Donors paid a great fee to meet Charles, according to the Queen’s heir.

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Donors paid a great fee to meet Charles, according to the Queen’s heir.

PRINCE Charles has launched a “pay for access” investigation into allegations that charity supporters paid £100,000 for a lavish meal with him and an overnight stay at his Scottish home.

The heir to the throne has requested his ethics watchdogs to investigate if society fixers made a mistake in arranging the gathering. The suggestion that a private encounter with Charles, 72, may be hawked around to the super-rich has Charles appalled. And the claims are being taken “extremely seriously” by his foundation.

An email sent by businessman Michael Wynne-Parker to a potential donor to the organization contains details of the royal access agreement.

Intracom International is operated by Mr Wynne-Parker, who arranges introductions for clients to powerful persons.

In 14 bullet points, his email states that for £100,000, the donor and a friend might spend the evening at Dumfries House, Charles’ Palladian estate in Ayrshire.

He claims they’ll be driven there in a royal car, given a tour of the 18th-century home and gardens, gathered for drinks, and introduced to Charles. “HRH meets each guest individually,” Mr Wynne-Parker continues. A black-tie dinner and a piano recital are also mentioned.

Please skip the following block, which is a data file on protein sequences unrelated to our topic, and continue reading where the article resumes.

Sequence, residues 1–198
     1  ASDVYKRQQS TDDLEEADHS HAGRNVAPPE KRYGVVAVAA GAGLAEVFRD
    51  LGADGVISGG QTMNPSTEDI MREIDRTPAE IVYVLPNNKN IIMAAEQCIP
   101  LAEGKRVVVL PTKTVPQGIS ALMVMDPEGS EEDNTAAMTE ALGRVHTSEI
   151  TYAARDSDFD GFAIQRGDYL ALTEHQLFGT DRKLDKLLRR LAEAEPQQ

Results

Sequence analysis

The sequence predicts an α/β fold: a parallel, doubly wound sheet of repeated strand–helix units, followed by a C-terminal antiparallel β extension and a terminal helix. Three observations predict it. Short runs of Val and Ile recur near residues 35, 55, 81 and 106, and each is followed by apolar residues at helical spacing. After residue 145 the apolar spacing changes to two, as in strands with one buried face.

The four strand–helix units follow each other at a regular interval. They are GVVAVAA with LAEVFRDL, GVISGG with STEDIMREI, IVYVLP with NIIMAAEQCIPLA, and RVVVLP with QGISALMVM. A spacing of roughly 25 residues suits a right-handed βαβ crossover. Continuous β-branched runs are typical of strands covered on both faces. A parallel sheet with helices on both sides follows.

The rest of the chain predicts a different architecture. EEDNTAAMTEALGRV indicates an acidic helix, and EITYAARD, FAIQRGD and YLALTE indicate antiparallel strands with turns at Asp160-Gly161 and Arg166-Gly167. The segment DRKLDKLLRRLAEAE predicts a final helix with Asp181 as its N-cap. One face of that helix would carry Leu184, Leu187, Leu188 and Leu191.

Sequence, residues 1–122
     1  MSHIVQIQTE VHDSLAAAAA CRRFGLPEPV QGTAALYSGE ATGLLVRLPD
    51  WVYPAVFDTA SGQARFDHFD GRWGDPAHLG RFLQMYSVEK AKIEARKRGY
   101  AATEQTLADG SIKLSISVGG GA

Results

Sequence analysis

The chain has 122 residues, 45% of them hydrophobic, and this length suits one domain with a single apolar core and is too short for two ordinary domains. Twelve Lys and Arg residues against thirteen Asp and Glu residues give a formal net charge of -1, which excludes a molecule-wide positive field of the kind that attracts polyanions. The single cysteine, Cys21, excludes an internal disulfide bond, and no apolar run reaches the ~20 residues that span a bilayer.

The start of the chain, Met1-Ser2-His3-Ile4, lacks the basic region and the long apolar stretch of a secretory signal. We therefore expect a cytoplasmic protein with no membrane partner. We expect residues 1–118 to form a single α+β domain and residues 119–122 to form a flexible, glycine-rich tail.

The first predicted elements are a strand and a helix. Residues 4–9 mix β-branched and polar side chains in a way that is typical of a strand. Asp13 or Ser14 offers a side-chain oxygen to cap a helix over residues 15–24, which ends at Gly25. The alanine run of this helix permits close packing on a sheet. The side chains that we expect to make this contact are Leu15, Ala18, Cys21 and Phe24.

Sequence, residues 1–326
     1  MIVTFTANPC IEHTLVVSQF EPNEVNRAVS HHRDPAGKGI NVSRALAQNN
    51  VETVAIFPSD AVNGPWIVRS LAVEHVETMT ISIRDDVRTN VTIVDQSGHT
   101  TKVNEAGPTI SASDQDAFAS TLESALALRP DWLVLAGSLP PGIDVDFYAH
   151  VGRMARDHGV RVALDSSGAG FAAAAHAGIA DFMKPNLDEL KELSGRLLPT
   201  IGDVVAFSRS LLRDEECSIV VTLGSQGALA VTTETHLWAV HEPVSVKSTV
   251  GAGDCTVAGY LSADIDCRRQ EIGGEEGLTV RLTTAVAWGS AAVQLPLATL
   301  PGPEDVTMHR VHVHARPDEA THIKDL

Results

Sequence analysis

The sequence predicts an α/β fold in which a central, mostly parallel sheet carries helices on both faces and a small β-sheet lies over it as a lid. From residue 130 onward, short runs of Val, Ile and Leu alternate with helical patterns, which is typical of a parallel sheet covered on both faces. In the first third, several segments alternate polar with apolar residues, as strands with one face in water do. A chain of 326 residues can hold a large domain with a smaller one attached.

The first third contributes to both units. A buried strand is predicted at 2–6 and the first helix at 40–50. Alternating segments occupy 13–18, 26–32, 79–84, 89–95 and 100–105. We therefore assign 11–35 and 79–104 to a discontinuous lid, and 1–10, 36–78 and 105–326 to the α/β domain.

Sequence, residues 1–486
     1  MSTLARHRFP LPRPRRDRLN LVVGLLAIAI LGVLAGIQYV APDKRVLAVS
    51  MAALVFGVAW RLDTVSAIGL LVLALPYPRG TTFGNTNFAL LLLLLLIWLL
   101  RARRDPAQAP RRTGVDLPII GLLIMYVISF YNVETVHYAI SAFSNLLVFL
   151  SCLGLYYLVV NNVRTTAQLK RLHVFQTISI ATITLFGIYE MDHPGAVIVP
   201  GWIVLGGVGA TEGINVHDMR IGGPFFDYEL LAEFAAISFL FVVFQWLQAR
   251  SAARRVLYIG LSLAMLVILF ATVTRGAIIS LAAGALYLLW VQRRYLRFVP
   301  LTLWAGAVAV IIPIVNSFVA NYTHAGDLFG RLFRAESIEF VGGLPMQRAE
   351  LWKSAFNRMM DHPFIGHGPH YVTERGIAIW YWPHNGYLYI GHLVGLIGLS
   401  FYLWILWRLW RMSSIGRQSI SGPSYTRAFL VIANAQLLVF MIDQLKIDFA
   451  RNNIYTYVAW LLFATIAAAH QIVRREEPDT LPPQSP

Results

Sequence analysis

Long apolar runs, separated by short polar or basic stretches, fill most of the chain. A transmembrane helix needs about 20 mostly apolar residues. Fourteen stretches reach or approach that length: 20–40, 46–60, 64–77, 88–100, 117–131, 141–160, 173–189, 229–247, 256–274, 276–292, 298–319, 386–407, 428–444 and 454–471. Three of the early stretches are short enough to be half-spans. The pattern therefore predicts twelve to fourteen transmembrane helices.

The billionaire also promises Charles a better connection, including a spot on future guest lists.

The Prince, on the other hand, has cut relations with Mr Wynne-Parker, whose firm boasts on its website that “who you know” is often more essential than “what you know.”

Mr Wynne-Parker stated in the email that he would receive 5% of the fee starting in November 2019. Funds would also be paid into the account of gentry handbook Burke’s Peerage, whose editor William Bortrick is listed as being involved, according to him. And again another “fixer” will be paid 20%.

Mr Wynne-Parker and Mr Bortrick will no longer be working with the Prince’s Foundation, according to a spokeswoman.

“We were not aware of any ­financial advantage being sought by these individuals, whom we have never paid, and we have terminated our engagement with these persons,” he continued.

Mr Wynne-Parker argued that paying intermediaries a commission for enabling charitable donations was “standard business.” He was told that money placed into the Burke’s Peerage account “was the vehicle” and that it “frequently occurred.”

Mr Bortrick denied any wrongdoing and that he and Mr Wynne-Parker had a “commercial arrangement.” “I would have hit the ceiling because it’s utterly inappropriate,” he added.

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